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The Peace Calendar Vol.1 No.1
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The Peace Calendar Vol.1 No.6
The Peace Calendar Vol.1 No.7
The Peace Calendar Vol.1 No.8
The Peace Calendar Vol.1 No.9
The Peace Calendar Vol.1 No.10
The Peace Calendar Vol.1 No.11
The Peace Calendar Vol.2 No.1
The Peace Calendar Vol.2 No.2
The Peace Calendar Vol.2 No.3
The Peace Calendar Vol.2 No.4
The Peace Calendar Vol.2 No.5
The Peace Calendar Vol.2 No.6
The Peace Calendar Vol.2 No.7
The Peace Calendar Vol.2 No.8
The Peace Calendar Vol.2 No.9
The Peace Calendar Vol.2 No.10
The Peace Calendar Vol.2 No.11

Peace Magazine is the successor to the Peace Calendar. Go to the Peace Magazine homepage

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Happy 1st anniversary!

Jonathan Spencer — February 1984

As The Peace Calendar enters its second year, we realise that there is one issue which has never been discussed in these pages — Who does The Peace Calendar represent?

Despite all the favourable comments we’ve received from readers who appreciate our impartial stand, several people have complained that they don’t feel that their interests are represented in The Peace Calendar. We are partly responsible for this, because we haven’t made it sufficiently clear that we rely on reader input.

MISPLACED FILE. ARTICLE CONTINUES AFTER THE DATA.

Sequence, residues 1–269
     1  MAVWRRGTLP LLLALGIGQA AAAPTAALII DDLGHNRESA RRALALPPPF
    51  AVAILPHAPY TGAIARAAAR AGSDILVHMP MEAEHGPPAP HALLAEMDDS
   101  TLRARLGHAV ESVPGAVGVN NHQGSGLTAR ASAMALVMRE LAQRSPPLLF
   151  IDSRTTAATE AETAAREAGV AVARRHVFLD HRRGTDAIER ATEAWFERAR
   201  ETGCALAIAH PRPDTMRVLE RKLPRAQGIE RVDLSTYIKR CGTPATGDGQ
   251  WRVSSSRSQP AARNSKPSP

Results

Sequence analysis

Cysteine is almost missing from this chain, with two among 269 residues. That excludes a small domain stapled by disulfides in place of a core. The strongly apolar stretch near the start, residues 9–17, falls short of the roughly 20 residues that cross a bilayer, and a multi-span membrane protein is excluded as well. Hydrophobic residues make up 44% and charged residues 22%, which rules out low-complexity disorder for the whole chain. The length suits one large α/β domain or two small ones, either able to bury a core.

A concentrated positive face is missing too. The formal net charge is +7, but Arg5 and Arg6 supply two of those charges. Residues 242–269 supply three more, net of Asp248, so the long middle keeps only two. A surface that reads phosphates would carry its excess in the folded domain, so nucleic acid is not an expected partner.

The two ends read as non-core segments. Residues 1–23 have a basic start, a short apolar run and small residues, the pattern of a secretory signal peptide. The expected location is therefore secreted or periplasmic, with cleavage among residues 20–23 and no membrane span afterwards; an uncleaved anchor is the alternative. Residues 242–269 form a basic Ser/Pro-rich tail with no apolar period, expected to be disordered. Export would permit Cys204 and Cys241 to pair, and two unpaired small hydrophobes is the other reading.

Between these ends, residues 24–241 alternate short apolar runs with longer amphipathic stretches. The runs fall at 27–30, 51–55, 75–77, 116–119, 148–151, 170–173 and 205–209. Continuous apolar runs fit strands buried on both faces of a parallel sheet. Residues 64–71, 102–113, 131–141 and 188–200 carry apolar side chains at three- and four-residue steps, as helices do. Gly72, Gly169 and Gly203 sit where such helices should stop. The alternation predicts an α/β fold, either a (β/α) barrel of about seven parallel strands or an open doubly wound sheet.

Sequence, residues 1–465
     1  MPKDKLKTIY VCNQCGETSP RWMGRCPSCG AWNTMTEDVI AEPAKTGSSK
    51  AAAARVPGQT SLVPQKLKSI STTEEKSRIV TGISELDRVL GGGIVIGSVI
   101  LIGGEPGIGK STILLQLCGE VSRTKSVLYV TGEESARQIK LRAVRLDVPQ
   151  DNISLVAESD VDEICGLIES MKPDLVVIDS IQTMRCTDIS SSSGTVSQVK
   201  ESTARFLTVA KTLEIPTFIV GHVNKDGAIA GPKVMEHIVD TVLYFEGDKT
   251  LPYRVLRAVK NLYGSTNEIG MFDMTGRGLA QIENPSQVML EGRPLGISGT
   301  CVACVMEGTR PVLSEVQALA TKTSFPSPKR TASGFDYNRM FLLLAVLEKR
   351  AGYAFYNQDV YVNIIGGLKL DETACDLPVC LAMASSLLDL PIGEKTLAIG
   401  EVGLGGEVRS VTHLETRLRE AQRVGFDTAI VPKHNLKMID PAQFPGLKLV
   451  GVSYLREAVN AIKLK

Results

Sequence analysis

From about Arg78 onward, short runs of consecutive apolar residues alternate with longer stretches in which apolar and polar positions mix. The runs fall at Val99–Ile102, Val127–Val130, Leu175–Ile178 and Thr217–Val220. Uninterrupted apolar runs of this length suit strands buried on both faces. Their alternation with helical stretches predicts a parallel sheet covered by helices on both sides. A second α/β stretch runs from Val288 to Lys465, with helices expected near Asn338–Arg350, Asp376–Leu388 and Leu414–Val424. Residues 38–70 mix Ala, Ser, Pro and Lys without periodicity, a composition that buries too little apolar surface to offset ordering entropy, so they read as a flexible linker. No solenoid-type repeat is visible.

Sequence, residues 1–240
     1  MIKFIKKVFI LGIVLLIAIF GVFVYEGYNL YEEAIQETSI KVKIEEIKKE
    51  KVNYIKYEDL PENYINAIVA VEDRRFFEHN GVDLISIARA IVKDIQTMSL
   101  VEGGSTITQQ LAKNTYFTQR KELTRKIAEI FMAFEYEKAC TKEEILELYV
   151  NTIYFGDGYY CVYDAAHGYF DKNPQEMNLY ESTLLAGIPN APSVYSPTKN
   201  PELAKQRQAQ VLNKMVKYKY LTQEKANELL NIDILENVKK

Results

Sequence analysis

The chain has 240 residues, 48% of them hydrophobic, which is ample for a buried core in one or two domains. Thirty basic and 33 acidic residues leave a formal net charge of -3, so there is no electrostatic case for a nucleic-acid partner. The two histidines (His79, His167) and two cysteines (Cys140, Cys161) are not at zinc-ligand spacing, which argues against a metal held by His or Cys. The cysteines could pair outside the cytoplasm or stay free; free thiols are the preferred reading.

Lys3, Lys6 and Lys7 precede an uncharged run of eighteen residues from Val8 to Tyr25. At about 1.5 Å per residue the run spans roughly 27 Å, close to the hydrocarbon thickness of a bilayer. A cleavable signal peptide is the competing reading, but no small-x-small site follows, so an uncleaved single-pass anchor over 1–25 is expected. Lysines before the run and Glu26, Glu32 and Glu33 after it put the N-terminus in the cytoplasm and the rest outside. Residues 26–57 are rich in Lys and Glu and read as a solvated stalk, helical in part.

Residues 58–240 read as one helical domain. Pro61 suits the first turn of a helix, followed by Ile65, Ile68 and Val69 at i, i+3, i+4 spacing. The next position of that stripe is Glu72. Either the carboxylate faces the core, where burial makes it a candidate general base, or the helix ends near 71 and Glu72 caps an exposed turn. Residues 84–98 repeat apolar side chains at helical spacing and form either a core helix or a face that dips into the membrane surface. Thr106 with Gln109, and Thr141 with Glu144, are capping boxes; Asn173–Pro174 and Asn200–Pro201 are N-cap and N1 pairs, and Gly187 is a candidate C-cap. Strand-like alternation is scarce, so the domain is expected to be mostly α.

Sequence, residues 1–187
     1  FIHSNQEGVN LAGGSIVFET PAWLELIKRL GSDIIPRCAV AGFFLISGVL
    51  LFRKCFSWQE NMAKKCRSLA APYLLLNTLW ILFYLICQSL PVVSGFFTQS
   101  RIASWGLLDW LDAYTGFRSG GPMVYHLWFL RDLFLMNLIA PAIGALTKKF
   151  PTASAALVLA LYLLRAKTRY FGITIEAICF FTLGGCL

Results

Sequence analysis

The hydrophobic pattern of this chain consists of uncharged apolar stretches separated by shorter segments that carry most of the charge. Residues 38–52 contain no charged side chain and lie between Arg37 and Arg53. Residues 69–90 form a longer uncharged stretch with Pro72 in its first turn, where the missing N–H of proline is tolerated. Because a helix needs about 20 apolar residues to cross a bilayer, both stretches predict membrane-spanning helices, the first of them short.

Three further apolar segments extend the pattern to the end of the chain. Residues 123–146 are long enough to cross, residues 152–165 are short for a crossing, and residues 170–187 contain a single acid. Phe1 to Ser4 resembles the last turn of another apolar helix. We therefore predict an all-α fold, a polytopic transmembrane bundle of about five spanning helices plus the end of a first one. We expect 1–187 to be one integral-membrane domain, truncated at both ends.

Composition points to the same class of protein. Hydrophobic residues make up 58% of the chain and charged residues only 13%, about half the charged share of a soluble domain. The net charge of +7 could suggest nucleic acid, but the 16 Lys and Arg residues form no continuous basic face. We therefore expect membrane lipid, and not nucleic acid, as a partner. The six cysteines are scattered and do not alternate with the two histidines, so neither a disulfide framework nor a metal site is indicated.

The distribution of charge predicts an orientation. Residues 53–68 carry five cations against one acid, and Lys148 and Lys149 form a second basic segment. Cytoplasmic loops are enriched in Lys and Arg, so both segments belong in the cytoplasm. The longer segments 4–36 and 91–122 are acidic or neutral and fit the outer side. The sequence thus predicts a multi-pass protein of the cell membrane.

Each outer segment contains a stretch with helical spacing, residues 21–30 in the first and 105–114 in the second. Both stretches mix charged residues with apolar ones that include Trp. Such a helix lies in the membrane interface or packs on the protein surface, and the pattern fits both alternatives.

To rectify this situation, we are taking several steps to ensure that members of . the peace movement help decide what should be covered in The Peace Calendar.

  1. We will hold open planning sessions for each issue. From now on, we’ll announce in the event calendar the location and time of the meeting held each month to plan the next month’s issue. This will permit greater and more direct public participation.
  2. We will publish regular announcements soliciting suggestions from readers who are unable to attend the planning sessions.
  3. We will create a list of local correspondents from across Canada. Acting as ‘field agents’ for The Peace Calendar, these people will help to make TPC a truly national newspaper.
  4. We will be more accessible. Some of us, too involved in coordinating the ins and outs of producing a monthly newspaper, have been guilty of remaining isolated. We need to get out there and talk to people, for two reasons; to keep our fingers on the pulse of the movement, so to speak, and so people don’t feel we are strangers.
  5. We encourage coordinators of peace groups to remember _The Peace Calendar at all times. At your monthly meetings, always ask if there are any announcements that should go in the next month’s issue. And make a note of our production deadlines so that we receive your event information in time for publication.

To us, impartiality does not mean saying only those things upon which we can all agree. Exactly the opposite it means exposing people to a variety of interesting viewpoints, in the interest of moving the discussion forward.

It costs enormous amounts of money to publish The Peace Calendar, and it just isn’t worth it if people aren’t using the service we provide. Take advantage of it. Support it. Work with us on it. This is your paper. Happy Anniversary!

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